The ANU Students’ Association 2015 Commencement Address set the tone for this year as ANUSA seeks to focus on diversity, equity and women in leadership. Dr Anne Gallagher AO, an alumna of the university, delivered the keynote address at Llewellyn Hall on Monday, the 16th of February, which centred on “the idea of thinking critically and well”.

In front of a relatively small but highly engaged crowd, Dr Gallagher told students that human rights were “radical” and “dangerous”, and that hard-won ideas were about the redistribution of power from the strong to the weak”. In particular, freedoms of thought, speech and expression required the utmost diligence to protect.

Dr Gallagher, who graduated from ANU with a Masters in International Law in 1991, is a leading global expert on the international law of human trafficking. She was the inaugural chair of the United Nations Inter-Agency Group on Human Trafficking and Migrant Smuggling.

ANUSA Women’s Officer Loren Ovens introduced the night’s proceedings, which began with an acknowledgement of country from PARSA Equity Officer and Wiradjuri woman Jessa Rogers.

ANUSA President Ben Gill then spoke of ANUSA’s under recognised role as a provider of a safety net for marginalised, vulnerable and in-need students, not just as an organiser of large-scale social events.

Gill also foreshadowed the night’s theme of personal responsibility, saying, “Each of you is an important part of the ANU community, and so play a part in upholding its wellbeing”. Gill spoke of the need for better engagement of non-residential students and called for a reinvigoration of strategies to improve mental health on campus.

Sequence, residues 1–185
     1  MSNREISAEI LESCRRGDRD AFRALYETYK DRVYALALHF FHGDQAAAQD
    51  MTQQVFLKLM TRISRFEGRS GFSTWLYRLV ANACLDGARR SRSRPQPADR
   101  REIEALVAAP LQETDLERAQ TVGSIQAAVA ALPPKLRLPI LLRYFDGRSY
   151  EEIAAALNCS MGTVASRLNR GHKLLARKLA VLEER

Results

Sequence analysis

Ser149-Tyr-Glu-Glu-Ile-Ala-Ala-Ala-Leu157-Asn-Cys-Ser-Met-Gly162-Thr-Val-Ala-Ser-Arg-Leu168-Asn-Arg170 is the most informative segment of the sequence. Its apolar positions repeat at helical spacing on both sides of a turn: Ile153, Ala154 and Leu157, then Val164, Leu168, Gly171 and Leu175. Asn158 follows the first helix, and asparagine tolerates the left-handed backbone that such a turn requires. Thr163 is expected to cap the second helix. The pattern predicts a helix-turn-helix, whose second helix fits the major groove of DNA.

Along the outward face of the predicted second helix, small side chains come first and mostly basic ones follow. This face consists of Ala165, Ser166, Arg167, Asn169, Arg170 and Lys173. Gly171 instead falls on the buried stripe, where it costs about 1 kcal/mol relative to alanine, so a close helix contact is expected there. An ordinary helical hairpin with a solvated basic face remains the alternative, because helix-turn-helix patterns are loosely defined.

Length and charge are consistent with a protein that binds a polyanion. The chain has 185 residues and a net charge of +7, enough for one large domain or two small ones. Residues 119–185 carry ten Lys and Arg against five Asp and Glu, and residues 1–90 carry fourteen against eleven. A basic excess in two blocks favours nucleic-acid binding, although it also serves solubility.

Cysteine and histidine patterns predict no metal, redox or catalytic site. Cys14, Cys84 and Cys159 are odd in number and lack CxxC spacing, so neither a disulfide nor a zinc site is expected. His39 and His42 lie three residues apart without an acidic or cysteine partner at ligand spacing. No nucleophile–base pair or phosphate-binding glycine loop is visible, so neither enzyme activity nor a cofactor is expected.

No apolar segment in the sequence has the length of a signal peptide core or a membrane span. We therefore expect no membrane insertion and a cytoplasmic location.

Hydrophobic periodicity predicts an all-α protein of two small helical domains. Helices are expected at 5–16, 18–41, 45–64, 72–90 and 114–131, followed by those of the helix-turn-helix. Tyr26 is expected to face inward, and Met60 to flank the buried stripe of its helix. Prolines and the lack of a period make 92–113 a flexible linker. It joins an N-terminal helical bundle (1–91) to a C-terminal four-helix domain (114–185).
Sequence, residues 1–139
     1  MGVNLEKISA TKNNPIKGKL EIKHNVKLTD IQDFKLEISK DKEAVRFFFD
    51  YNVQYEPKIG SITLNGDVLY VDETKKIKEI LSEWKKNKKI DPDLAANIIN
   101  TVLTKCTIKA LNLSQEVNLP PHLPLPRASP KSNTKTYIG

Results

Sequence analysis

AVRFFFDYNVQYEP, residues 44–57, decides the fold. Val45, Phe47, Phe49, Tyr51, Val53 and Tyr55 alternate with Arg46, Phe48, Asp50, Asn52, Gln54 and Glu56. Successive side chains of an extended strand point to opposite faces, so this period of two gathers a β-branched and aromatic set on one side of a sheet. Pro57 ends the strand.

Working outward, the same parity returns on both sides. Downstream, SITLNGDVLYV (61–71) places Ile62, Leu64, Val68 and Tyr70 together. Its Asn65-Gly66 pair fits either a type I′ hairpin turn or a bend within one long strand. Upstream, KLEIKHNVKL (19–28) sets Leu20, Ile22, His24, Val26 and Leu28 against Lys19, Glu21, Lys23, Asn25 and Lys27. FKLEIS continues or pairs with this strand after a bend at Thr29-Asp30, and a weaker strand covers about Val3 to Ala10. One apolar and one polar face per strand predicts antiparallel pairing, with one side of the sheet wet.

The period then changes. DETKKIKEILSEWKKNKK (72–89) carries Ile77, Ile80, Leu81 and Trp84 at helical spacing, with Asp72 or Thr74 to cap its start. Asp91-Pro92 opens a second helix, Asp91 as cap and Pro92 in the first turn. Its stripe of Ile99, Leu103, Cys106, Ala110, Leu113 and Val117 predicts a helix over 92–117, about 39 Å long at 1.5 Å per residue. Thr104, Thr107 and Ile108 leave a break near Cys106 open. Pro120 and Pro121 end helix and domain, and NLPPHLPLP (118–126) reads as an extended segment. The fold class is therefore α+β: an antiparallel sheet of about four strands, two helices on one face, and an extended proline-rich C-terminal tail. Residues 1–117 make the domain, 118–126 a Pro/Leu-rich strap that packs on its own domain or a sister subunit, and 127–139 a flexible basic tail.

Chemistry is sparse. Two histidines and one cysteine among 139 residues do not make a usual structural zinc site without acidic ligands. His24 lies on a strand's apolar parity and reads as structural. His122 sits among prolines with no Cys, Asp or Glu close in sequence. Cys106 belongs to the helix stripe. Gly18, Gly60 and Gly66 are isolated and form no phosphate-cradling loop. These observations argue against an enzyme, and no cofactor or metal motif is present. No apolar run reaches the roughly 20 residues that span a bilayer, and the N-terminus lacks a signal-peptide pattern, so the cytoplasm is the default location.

Dr Gallagher began by calling on students to carefully “interrogate the basis” of their own beliefs. The ability to critique one’s own ideas and developing a tolerance for having one’s ideas questioned was something she said she wished she had cultivated while at university.

Even the well intentioned, Dr Gallagher said, failed to think critically, with human rights lawyers thinking they had “a monopoly on truth”. The moral certainty she began her career with was slowly chipped away at by the realisation that rights could be irreconcilable.

On this, Dr Gallagher cited the right to freedom of religion and the human rights of women. Not speaking out against violations of women’s rights was, she argued, “a failure of courage” which “shames us all”.

Dr Gallagher reserved pointed criticism for the Australian government and their ratcheting up of the national security apparatus in response to a perceived threat from the Islamic State. The public in democratic nations too easily rolled over and allowed the violation of human rights because of fear.

More controversial with this audience was Dr Gallagher’s support for changes to water down the provisions against offence or insult contained within the Racial Discrimination Act. These qualifications to free speech, while borne out of good intentions, were, she said, analogous to laws against blasphemy and sedition used by dictators to retain power.

Linda Ma is the College of Arts and Social Sciences Representative for ANUSA.

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